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A Forest, near the Cave.

Imogen and Cloten discovered, lying on a Bank strewed with Flowers.—Imogen awakes.

Imog. Yes, sir, to Milford-Haven; Which is the way?

I thank you. By yon bush?—Pray, how far thither? 'Ods pittikins! can it be six miles yet?


I have gone all night:—— 'Faith, I'll lie down and [Seeing the Body. But, soft! no bedfellow :—O, gods and goddesses! These flowers are like the pleasures of the world; This bloody man, the care on't.—I hope, a dream; For, so, I thought I was a cave-keeper,

And cook to honest creatures.

Good faith,

I tremble still with fear: But if there be
Yet left in heaven as small a drop of pity
As a wren's eye, fear'd gods, a part of it!
The dream's here still even when I wake, it is
Without me, as within me; not imagin'd, felt.—
A headless man !—The garments of Posthumus!—
Oh, he is murder'd !—


'Tis thou conspiring with that devil, Cloten, Hast here cut off my lord.—


How should this be?—Pisanio ?—

"Tis he;

The drug he gave me, which, he said, was precious

And cordial to me, have I not found it

Murd'rous to the senses? That confirms it home:
This is Pisanio's deed, and Cloten's: O!—
All curses madded Hecuba gave the Greeks,
And mine to boot, be darted on them!-
lord! my lord!

O, my

Enter Caius Lucius, Varus, and Soldiers.
Varus. The senate hath stirr'd up the confiners,
And gentlemen of Italy; most willing spirits,
That promise noble service: and they come
Under the conduct of bold Iachimo,

Sienna's brother.

Luc. When expect you them?

Varus. With the next benefit o' the wind.
Luc. This forwardness

Makes our hopes fair.—

Soft, ho! what trunk is here

Without his top? The ruin speaks, that sometime
It was a worthy building. How! a page!
Or dead, or sleeping on him? But dead, rather;
For nature doth abhor to make his bed

With the defunct, or sleep upon the dead.—
Let's see the boy's face.

Varus. He is alive, my lord.

Luc. He'll then instruct us of this body.—Young


Inform us of thy fortunes; for, it seems,

They crave to be demanded: Who is this
Thou mak'st thy bloody pillow?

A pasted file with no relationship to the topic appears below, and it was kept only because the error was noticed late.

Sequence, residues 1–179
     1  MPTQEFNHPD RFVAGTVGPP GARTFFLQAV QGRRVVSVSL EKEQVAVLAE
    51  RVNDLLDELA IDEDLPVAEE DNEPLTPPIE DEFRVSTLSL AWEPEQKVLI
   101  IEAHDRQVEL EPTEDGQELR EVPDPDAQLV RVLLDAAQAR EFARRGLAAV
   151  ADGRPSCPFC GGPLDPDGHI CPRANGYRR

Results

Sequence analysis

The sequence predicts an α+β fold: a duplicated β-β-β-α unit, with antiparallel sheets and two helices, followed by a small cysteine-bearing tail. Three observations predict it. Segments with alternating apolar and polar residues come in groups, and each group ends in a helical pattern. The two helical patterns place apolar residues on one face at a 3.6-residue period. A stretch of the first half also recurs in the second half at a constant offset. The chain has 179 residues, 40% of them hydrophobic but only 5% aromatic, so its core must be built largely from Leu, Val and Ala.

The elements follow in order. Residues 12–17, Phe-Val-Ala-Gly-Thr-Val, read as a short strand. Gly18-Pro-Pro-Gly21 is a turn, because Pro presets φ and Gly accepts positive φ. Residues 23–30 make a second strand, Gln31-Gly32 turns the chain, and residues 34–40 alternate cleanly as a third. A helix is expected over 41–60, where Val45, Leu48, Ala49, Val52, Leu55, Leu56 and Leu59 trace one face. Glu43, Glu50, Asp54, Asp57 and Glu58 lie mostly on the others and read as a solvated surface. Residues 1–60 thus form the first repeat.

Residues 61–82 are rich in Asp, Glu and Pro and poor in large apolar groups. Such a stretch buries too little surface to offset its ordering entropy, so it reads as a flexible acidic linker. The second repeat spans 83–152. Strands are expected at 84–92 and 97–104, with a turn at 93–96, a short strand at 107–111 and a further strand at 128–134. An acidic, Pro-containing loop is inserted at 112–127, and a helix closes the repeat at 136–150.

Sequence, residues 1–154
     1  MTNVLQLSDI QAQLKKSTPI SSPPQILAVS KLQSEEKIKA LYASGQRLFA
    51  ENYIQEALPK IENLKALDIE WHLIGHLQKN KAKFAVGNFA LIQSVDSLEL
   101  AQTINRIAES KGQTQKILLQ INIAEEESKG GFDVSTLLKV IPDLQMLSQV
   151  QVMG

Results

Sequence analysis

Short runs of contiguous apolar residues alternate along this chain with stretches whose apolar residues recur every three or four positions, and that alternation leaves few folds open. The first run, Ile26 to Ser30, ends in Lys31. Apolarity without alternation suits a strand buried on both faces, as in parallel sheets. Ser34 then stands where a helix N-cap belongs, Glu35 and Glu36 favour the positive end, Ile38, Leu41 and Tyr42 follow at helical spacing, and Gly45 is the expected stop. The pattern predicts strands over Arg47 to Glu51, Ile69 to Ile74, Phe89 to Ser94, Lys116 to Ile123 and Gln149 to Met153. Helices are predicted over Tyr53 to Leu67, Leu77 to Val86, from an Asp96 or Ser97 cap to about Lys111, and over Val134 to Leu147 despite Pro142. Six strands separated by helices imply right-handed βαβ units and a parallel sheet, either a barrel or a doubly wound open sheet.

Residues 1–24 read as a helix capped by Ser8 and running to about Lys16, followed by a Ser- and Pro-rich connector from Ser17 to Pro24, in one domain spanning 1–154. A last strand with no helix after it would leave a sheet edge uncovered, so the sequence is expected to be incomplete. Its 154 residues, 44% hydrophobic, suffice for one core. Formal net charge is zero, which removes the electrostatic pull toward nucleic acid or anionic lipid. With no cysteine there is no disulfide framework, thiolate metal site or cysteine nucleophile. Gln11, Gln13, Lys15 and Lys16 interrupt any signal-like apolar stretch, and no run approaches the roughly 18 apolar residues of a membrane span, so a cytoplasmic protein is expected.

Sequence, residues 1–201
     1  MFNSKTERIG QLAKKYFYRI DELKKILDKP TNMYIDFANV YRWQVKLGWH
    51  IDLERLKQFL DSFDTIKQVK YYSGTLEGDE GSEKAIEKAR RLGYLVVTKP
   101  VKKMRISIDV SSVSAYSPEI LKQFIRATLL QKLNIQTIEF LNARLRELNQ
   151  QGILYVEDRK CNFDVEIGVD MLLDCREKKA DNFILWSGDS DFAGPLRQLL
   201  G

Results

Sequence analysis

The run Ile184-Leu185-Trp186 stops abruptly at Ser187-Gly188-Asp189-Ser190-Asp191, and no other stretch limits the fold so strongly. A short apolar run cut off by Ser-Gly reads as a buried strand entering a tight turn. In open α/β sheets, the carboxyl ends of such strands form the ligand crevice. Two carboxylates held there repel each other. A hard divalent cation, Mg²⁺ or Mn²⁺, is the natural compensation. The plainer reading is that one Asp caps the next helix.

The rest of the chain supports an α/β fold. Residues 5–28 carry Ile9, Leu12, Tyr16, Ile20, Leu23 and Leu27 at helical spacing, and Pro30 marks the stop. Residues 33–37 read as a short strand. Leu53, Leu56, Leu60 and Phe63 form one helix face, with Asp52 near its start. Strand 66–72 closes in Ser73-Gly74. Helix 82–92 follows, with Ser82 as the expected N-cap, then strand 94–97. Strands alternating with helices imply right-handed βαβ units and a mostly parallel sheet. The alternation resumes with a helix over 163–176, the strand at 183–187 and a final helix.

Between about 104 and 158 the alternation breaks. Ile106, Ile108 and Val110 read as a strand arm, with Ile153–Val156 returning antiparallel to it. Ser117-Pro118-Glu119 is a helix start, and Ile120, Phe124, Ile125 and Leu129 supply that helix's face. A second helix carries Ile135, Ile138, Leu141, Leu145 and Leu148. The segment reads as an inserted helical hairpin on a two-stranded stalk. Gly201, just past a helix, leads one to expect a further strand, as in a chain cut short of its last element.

What's thy interest

In this sad wreck? How came it? Who is it?
What art thou?

Imog. I am nothing: or if not,

Nothing to be were better. This was my master,
A very valiant Briton, and a good,

That here by mountaineers lies slain :—Alas!
There are no more such masters!


Luc. 'Lack, good youth!

Thou mov'st no less with thy complaining, than Thy master in bleeding: Say, thy name, good boy. Imog. Fidele, sir.

Luc. Thy name well fits thy faith:


Wilt take thy chance with me; I will not say,
Thou shalt be so well mastered; but, be sure,
No less belov'd.

Go with me.

Imog. I'll follow, sir. But, first, an't please the gods,

I'll hide my master from the flies, as deep

As these poor pick-axes can dig: and when

With wild wood-leaves, and weeds, I have strew'd his grave,

And on it said a century of prayers,

Such as I can, twice o'er, I'll weep, and sigh;

And, leaving so his service, follow you,

So please you, entertain me.

Luc. Ay, good youth;

And rather father thee, than master thee.—
Mv friends,

The boy hath taught us manly duties: Let us
Find out the prettiest daisied plot we can,
And make him, with our pikes and partizans,
A grave: Come, arm him.

Boy, he is preferr'd

By thee, to us; and he shall be interr'd

As soldiers can.—Be cheerful, wipe thine eyes:
Some falls are means the happier to arise.

[As the Soldiers are taking up the Body, the
Curtain falls.



The Forest.

Drums, Trumpets, &c.


Guid. The noise is round about us.

Bel. Let us from it.

We'll higher to the mountains; there secure us.
To the king's party there's no going; newness
Of Cloten's death (we being not known, nor muster'd
Among the bands), may drive us to a render

Where we have liv'd; and so extort from us
That, which we have done, whose answer would b«

Drawn on with torture.

Guid. This is, sir, a doubt,

In such a time, nothing becoming you,

Nor satisfying us.

Arc. It is not likely,

That, when they hear the Roman horses neigh,
Behold their quarter'd fires, have both their eyes
And ears, so cloy'd importantly as now,

That they will waste their time upon our note,
To know from whence we are.

Bel. O, I am known

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And, besides, the King

Hath not deserv'd my service nor your loves.
Guid. 'Pray, sir, to the army:

I and my brother are not known; yourself,
So out of thought, and thereto so o'ergrown,
Cannot be question'd.

Arv. By this sun that shines,

I'll thither! What thing is it, that I never
Did see man die! scarce ever look'd on blood,
But that of coward hares, hot goats, and venison!
I am asham'd

To look upon the holy sun, to have

The benefit of his bless'd beams, remaining,
So long a poor unknown.

Guid. By Heavens, I'll go !

If you will bless me, sir, and give me leave,
I'll take the better care; but if you will not,
The hazard therefore due, fall on me, by
The hands of Romans!

Arv. So say I; Amen!

Bel. No reason I, since on your lives So slight a valuation, should reserve

you set

My crack'd one to more care. Have with you, boys! If in your country wars you chance to die,

That is my bed, too, lads, and there I'll lie. [Exeunt. Drums, Trumpets, &c.

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